Remember the last time you did homework without using your computer for answers? Yeah, me neither. As the years go on and technology continues to become more convenient and easier to use, the question that keeps re-occurring is how dependent are we truly on technology?
Erica Shook (’16) uses technology two hours after school to check up on her social media as well as to do assignments for school.
“Google is the answer to all of my homework problems.” Erica said.
Despite saying that, she thinks she can survive without technology at least for a week, which was something she attempted before. But most of her friends couldn’t imagine life without their Instagram or Facebook.
Technology comes with many features such as communicating with friends and family, getting caught up on daily news, streaming videos, listening to music, playing games, and other various features.
Engineering student Abby Amass (’17) likes how technology makes things easier to do. She uses her phone and computer for getting her homework done and to talk with her friends.
However, she feels that it would be better if the world was less technologically advanced since workers wouldn’t be replaced with machines.
With all of these features available at our fingertips, it’s easy to take advantage of its privileges. However, when it stops working, it becomes a major crisis.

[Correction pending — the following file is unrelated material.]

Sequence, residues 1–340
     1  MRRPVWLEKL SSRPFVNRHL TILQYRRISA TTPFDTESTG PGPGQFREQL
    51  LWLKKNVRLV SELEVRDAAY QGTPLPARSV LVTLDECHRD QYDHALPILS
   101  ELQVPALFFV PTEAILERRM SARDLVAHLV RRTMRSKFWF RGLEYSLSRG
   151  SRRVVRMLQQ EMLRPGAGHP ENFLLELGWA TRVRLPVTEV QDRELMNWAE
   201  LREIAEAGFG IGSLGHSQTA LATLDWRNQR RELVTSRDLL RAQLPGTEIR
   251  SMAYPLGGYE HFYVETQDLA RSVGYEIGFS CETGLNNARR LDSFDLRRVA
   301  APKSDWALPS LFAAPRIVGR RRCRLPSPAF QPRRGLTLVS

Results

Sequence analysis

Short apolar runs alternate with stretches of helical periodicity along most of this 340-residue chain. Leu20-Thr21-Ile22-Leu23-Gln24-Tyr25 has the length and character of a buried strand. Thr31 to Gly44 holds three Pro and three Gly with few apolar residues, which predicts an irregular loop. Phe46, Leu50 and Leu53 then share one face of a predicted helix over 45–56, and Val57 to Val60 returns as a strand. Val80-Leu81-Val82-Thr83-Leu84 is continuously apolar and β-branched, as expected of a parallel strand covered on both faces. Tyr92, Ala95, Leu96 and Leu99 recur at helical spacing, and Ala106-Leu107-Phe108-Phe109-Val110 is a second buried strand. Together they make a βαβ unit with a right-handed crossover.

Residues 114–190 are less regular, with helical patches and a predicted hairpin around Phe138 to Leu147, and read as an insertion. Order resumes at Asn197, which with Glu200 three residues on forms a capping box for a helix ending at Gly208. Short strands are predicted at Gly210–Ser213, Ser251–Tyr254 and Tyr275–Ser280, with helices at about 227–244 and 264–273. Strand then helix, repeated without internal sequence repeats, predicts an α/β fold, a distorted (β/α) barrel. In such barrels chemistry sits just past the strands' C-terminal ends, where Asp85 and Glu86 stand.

English and Yearbook teacher Mary Stinefelt uses the computer, projector, and the Elmo on a daily basis. She is glad the technology is available to make her job easier, but she thinks it’s also “glitchy” and often out of date..
There are even classes in this school that are solely dependent on having everything functioning properly including computers, cameras, and monitors. It’s also important that the internet server is working as well since many of the classes require access to the internet.
Radio and TV and Engineering teacher, Mr. Fellows is very dependent on the school’s technology for completing his class objectives.
“For the Radio and TV show we need them to be able to edit videos and record voices, but it is possible if technology isn’t working to have a plan B and work on story boards.” said Mr. Fellows.
Many students have their phones attached to the hip during the school day as well as when they go out to socialize or hang out at home. It’s become almost nerve-wracking when the phone is missing or when it falls to the ground.
Wild spread editor for the Yearbook Courtnie Hackley (’15) uses her phone throughout the day to get on websites for personal use and for yearbook.
“If I didn’t have my phone, I think I would be ok but since I have it available it’s a lot easier to get stuff done.” said Courtnie.
Demonstrating the dependency on even a cell phone, the recent international video about the young man from Perth, Australia being one of the first people to obtain the new IPhone 6 and dropped it on the sidewalk when he took it out of the box. The crowd and reporter were all shocked and panicked when he dropped it even though the phone was still in good condition.
Sydney Eifert (’18) laughed at the crowd’s reaction to the Iphone 6 dropping.
“I think they completely overreacted and it was ridiculous and pretty funny.” said Sydney. “There was a little reason to overreact but it’s just an Iphone6. They could just get a new phone if the screen cracked.”
So is technology seen as a disadvantage or an advantage? From Hereford’s perspective, it’s a little bit of both. Either way, as technology becomes more accessible to the public, there is no doubt that it will be used and even abused throughout the years to come.